Back in college, I remember one of my classmates copying an interesting painting for a fine arts class. The painting featured ghoulish “Gollum-like” creatures crouched at the feet of a buxom woman dressed in a leather thong, spiral gold wrist bracelets and nothing else.

This “Ghoul Queen” stood with hand on hip and breasts bared overlooking her subjects. The art wasn’t cartoonish, nor was it realistic. It was somewhere between comic book and classic. It was fantasy art at its best and immediately I was hooked.

Then there was the famous “Molly Hatchet” album covers. The “Death Dealer, Dark Kingdom” and “Berserker!” Warriors with battle axes, scars and a sinister dark rider on a huge black horse!

For sure if you are a designer and lived on rock and roll, you were probably as saddened as I was to learn Frank Frazetta passed away in May this year. He was the ultimate master of fantasy art for those of us who grew up on “Heavy Metal” magazine issues.

Frazetta was a child prodigy and by the age of 15 was doing clean-up pencil work for comic books. You can view some of his work in older Edgar Rice Burrow’s “Tarzan” books. But his real lasting impression was the outrageous muscle bound warriors and overly endowed half-clothed women. The men were muscular, ripped, battle scarred and tough. The women were the anti-thesis of super models. They weren’t fat but definitely full in all the right places.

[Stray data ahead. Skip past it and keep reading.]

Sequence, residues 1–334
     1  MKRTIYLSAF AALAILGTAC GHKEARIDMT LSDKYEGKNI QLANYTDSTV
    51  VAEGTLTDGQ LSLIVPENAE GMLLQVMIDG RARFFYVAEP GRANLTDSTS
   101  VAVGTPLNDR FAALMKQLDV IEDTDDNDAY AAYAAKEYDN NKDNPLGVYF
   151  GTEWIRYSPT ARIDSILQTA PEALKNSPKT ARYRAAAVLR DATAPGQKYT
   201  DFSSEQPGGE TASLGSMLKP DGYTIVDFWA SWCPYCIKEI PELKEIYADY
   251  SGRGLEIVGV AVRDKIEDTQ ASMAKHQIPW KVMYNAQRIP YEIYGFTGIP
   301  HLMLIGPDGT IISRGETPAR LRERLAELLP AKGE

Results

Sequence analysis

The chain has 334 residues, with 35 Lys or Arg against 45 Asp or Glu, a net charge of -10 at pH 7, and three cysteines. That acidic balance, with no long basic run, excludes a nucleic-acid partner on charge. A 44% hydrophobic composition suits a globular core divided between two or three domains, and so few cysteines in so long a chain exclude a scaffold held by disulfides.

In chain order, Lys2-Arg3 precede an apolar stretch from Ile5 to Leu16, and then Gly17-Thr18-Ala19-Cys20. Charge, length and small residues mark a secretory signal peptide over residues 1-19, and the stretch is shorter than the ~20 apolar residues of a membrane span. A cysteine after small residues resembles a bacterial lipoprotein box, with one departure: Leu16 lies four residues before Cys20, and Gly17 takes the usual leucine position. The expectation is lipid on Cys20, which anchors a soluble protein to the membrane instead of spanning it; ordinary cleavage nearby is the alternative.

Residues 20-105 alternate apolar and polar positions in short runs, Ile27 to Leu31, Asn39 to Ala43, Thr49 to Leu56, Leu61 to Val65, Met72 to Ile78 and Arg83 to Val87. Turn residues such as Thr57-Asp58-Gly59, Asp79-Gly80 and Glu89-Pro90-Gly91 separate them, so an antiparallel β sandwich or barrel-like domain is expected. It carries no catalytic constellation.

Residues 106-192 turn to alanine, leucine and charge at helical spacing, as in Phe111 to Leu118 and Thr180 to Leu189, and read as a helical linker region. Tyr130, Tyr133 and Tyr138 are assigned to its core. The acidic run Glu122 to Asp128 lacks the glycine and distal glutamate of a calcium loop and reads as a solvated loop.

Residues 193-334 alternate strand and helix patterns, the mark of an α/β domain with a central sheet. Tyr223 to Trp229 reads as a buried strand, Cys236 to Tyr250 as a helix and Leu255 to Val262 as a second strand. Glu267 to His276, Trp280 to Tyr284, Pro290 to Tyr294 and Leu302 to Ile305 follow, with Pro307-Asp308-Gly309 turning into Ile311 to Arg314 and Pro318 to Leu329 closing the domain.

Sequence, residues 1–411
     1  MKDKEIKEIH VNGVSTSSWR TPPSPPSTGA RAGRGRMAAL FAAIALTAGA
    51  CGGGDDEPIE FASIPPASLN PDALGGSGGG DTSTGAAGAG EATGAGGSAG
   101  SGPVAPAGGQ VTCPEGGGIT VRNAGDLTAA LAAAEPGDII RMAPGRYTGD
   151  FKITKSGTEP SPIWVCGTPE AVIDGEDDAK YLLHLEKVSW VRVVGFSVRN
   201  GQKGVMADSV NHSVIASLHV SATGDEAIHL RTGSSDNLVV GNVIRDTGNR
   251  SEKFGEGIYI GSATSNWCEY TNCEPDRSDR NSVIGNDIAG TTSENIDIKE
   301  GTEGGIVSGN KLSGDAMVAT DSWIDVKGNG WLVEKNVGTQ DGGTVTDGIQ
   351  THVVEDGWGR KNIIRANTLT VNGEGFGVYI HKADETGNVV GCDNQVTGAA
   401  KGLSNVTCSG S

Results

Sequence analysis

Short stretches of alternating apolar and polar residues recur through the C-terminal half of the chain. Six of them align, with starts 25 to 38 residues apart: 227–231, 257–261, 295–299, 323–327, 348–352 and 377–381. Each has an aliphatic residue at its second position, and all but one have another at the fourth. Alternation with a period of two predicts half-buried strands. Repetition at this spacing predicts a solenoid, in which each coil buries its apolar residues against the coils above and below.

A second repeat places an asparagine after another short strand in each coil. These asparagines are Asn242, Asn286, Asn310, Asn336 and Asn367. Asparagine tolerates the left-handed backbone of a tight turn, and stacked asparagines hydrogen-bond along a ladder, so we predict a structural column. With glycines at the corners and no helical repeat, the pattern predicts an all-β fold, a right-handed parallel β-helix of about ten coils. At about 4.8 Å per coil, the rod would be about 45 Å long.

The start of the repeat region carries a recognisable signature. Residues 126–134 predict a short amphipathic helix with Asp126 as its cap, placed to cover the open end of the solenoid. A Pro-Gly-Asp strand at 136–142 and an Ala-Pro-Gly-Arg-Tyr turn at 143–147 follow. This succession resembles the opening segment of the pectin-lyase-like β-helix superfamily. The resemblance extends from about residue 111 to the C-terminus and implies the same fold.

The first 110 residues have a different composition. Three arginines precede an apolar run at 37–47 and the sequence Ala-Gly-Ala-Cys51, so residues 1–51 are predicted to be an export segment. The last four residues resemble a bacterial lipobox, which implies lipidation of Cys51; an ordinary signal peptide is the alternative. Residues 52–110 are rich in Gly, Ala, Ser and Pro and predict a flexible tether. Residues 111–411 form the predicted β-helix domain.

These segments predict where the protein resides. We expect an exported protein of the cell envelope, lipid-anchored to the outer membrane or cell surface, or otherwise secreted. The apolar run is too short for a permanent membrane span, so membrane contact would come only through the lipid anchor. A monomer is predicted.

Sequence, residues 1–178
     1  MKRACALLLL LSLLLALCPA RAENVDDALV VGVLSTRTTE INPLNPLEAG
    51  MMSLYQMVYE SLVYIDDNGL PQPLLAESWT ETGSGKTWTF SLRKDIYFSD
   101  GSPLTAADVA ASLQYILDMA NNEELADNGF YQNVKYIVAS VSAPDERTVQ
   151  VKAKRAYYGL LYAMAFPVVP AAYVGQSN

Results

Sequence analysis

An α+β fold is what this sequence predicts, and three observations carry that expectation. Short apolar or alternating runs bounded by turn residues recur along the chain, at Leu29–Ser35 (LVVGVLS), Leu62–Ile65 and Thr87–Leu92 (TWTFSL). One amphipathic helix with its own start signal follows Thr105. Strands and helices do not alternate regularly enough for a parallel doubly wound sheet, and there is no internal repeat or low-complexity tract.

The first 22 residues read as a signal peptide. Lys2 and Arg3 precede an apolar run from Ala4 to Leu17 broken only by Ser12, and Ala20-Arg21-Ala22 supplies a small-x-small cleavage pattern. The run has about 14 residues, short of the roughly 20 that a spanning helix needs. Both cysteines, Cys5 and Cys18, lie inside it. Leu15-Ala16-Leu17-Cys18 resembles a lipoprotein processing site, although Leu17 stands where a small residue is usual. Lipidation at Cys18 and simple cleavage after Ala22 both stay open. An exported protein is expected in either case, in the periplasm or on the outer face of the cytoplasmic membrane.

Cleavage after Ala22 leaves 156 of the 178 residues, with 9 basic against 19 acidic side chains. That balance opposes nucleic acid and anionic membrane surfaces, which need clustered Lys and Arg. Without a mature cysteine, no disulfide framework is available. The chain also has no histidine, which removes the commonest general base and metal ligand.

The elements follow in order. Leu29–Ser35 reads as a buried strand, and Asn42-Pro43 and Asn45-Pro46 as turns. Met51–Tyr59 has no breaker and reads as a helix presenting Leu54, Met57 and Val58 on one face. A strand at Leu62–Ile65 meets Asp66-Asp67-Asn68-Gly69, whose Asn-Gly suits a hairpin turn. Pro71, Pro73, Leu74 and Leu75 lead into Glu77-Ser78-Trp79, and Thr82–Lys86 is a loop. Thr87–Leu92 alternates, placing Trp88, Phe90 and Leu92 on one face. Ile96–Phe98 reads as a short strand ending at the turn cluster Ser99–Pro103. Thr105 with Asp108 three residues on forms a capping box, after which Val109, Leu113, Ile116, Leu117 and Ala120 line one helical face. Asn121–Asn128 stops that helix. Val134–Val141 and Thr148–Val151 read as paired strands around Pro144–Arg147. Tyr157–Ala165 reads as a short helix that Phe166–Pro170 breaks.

According to several of Frazetta’s publications, his preferred medium was oil on canvas, wood or even a piece of old, standard brown masonite. He didn’t care for acrylics because they lacked vibrancy. He was a very private man according to publications and being interviewed “bugged him.” There was much left unknown to the general public about this fantastic artist.

I personally own two books called “Frank Frazetta,” edited by Betty Ballantine, that feature a short bit of copy and lots of pages filled with the colorful imagination and joy that Frazetta brought to life. My favorite? That’s an unfair question since everyone brings a story to mind, just like my friend carefully copying the “Ghoul Queen” or unwrapping the “Flirting With Disaster” album, dropping the turntable needle and studying the cover art “Dark Kingdom.”

Somewhere, sometime, some point in your life, even if you did not follow Frank Frazetta, you were in contact with his art. People who followed his work and career will miss him greatly. True aficionados have already shown their loyalty by recently paying 1.5 million dollars for his painting “Conan the Destoyer.”

Long live the Brawny Heroes, Vivacious Women and Ferocious Beasts! Frank Frazetta 1928 – 2010